The spotty schoolboy and single mother taking the mantle from Roald Dahl

A SINGLE mother of 34 and a bespectacled orphan schoolboy may not be the most promising combination, but together they have become the publishing sensation of the past two years.

The latest chapter in the remarkable story of Joanna Rowling's beguiling literary creation began yesterday with the paperback publication of the second book in her Harry Potter series, Harry Potter and the Chamber of Secrets.

Potter is the schoolboy wizard whose enthusiastic adoption by children and grown-ups in their hundreds of thousands has had critics hailing Ms Rowling as the new Roald Dahl.

Platform One at King's Cross Station briefly becomes the mythical Platform 9 and three-quarters, the place from which young Harry departs for school at the beginning of each new term and which functions like the wardrobe in C S Lewis's Narnia chronicles.

Harry Potter and the Philosopher's Stone, the first in what will eventually develop into a seven-part series, introduced the eponymous hero to a generation of computer games junkies previously thought to have been lost to the charms of print. The results have been extraordinary. Sales of the two books are now nudging half-a-million, while the hardback version of Chamber of Secrets spent its first month on the shelf as the bestseller across all books.

Ms Rowling has garnered an armful of awards, including the Smarties Book Prize (the children's equivalent of the Booker) in consecutive years and a place on the 1998 Whitbread shortlist. Hollywood lent its validation last autumn when Warner Brothers secured the film rights to both books for a seven-figure sum.

Master Potter is an orphan forced to live under the stairs by cruel relatives until he learns on his 11th birthday that he is, in fact, the son of famous wizards, whereupon he is whisked off to Hogwart's School of Witchcraft and Wizardry. There he takes lessons in potions, herb lore and Quidditch, a kind of football played on broomsticks. Oh yes, and he saves the school and the world from the fallen angel Lord Voldemort, a former head boy of Hogwarts, who chooses to turn his magic against the institution. In other words, a ripping yarn of good versus evil that legitimately conjures up the New Testament, only with characters that recall Roald Dahl.

The names of Dahl and C S Lewis are frequently mentioned alongside Ms Rowling's, a comparison at which she has balks. "C S Lewis is quite simply a genius and I'm not a genius," she said. "And while I think Dahl is a master at what he did, I do think my books are more moral than his. He also wrote very overblown comic characters, whereas I think mine are more three-dimensional."

Either way, critics have universally lauded Ms Rowling's as she carries readers into a world of invention where Harry flies a car into a tree in flagrant breach of rules on the misuse of Muggle (as normal people are known) artefacts. In the second book Harry unravels the secrets of giant spiders, schoolmates turned to stone and an unpleasant creature that has taken to lurking in the school plumbing.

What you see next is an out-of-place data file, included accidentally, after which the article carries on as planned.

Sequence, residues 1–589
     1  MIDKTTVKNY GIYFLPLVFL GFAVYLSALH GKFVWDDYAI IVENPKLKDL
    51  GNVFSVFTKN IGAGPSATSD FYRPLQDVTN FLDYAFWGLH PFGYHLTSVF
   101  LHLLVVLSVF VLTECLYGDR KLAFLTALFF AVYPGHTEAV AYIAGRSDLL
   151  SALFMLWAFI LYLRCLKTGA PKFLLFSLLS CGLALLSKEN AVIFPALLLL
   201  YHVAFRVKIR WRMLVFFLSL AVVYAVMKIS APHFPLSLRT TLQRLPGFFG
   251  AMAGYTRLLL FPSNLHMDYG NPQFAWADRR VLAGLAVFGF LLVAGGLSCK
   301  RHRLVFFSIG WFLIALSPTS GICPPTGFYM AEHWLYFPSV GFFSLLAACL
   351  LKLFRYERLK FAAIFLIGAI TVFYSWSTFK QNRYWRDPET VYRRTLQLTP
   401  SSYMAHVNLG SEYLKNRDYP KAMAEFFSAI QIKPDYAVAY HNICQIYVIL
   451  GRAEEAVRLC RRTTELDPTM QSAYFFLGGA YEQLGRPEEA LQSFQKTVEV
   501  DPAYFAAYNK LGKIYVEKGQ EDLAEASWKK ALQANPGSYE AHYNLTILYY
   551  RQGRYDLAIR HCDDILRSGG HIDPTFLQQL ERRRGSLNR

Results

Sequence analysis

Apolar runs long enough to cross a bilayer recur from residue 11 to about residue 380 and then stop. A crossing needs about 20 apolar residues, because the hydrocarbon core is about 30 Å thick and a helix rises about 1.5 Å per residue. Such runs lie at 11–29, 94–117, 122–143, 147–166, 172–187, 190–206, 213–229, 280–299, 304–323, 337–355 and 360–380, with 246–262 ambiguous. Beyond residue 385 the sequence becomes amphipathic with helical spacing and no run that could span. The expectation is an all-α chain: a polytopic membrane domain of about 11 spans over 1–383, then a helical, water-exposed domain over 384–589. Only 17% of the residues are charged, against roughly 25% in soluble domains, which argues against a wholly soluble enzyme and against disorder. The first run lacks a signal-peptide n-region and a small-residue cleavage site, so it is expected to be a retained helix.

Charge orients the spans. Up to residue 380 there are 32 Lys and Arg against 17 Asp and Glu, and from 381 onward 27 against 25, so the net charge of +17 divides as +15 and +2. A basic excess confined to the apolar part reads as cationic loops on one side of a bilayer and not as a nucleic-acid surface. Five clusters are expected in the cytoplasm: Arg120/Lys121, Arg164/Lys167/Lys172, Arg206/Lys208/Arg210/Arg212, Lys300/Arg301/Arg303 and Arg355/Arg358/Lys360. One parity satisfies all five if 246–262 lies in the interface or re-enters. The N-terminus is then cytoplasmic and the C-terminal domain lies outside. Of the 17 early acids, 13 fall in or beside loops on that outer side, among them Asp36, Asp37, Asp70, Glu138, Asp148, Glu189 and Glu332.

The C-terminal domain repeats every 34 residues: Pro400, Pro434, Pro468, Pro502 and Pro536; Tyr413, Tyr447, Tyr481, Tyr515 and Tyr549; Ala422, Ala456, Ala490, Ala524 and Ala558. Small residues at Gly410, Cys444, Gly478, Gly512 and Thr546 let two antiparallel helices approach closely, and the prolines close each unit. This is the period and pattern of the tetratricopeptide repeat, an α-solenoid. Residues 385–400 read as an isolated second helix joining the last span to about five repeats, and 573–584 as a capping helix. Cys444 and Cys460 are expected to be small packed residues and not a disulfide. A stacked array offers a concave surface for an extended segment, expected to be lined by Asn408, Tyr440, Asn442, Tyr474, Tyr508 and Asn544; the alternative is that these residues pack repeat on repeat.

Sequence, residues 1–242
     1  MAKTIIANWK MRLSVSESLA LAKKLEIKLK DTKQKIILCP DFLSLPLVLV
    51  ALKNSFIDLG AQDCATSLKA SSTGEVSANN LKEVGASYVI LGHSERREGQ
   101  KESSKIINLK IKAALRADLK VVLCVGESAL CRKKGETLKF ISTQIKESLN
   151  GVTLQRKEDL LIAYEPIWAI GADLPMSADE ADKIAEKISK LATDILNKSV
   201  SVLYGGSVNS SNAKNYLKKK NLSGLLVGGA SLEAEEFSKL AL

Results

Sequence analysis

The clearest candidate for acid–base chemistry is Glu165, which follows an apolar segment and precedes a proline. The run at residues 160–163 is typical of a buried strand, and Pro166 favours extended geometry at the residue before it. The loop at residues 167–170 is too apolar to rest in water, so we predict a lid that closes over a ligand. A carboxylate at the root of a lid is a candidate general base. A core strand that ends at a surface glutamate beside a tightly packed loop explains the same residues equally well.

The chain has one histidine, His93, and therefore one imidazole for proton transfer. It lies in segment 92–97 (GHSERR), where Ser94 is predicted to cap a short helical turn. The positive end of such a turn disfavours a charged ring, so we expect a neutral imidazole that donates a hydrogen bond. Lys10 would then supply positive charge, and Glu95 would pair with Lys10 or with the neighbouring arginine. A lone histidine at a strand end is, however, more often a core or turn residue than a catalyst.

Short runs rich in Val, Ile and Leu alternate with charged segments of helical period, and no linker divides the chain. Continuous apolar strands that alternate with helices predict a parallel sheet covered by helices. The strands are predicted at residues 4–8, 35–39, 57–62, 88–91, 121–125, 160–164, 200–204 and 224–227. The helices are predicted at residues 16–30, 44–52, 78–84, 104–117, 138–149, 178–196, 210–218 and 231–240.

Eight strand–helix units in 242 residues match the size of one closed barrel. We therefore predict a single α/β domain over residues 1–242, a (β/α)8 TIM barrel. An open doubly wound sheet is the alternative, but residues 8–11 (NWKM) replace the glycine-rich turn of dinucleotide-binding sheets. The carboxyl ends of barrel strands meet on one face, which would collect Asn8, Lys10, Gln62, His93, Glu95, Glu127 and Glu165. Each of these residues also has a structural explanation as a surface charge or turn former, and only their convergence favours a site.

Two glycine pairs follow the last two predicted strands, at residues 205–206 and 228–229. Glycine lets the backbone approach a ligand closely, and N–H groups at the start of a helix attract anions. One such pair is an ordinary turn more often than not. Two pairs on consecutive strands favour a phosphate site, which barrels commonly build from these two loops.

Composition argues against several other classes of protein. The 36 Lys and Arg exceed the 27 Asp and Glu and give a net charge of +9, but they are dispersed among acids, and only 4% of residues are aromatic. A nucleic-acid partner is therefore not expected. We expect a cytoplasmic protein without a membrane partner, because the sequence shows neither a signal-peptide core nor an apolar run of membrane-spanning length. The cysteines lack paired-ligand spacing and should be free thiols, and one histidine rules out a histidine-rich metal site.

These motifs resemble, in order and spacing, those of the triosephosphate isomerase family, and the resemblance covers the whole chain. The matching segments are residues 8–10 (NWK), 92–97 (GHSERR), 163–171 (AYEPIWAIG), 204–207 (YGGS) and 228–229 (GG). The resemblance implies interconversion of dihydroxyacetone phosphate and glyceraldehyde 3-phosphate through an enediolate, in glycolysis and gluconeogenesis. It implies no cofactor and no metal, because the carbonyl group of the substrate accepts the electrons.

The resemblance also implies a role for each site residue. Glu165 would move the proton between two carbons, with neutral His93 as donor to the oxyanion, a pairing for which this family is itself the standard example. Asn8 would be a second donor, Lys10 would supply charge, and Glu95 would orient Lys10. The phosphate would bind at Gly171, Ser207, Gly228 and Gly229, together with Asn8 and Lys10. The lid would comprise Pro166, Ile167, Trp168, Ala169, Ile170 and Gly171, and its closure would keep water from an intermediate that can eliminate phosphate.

Potter was drawn with spectacles because, Ms Rowling said, she had worn thick glasses as a child and was frustrated that "speccies" were swots but never heroes.

Nominally pitched at 9 to 12-year-olds, Harry's appeal has been broader. Parents who were complaining about their children's refusal to turn off the light until they had finished one more chapter became the next Potter converts. The publishers Bloomsbury took the unusual step of bringing out an adult version of the first book last September. It was wrapped in a design-conscious cover featuring a black and white photograph of a steam train with the title flashed in citrus orange letter. The idea was to spare adult readers on public transport the chore of hiding the children's version behind their morning paper.

If Harry's adventures make for compelling reading, then Ms Rowling's story is also worth a chapter or two. After working for Amnesty International, she went to Portugal to teach English. There she married a journalist, but within weeks of the birth of a daughter, Jessica, they had separated.

Divorced, penniless and now a single mother, she returned to Edinburgh, where her sister lived. Much of the first novel was written in Nicolson's, a cafe in the city where she would escape her cold and miserable flat. While Jessica slept in her pram, Ms Rowling stretched out her coffees and scribbled furiously away in long hand.

The manuscript was dispatched to Penguin, who turned it down, and then HarperCollins, where it gathered dust for a year. Finally she enlisted the help of a literary agent and, within a day of sending the book, Bloomsbury gratefully snaffled it up. The rest could well be literary and cinematic history.

young bestsellers

Past bestselling books...

Watership Down, by Richard Adams (1972)

The Magic Finger, by Roald Dahl (1974)

Thunder and Lightnings, by Jan Mark (1976)

Each Peach, Pear, Plum, by Allan and Janet Ahlberg (1978)

Matilda, by Roald Dahl (1980)

The BFG, by Roald Dahl (1982)

The Secret Diary of Adrian Mole Aged 13-3/4,

by Sue Townsend (1984)

Going Solo, by Roald Dahl (1986)

The Witches, by Roald Dahl (1988)

Esio Trot, by Roald Dahl (1990)

Truckers, by Terry Pratchett (1992)

Flour Babies, by Anne Fine (1994)

Goose Bumps, by R L Stine (1996)

Children's Book of Books (1998)

Source: Bookwatch Ltd

Start your day with The Independent, sign up for daily news emails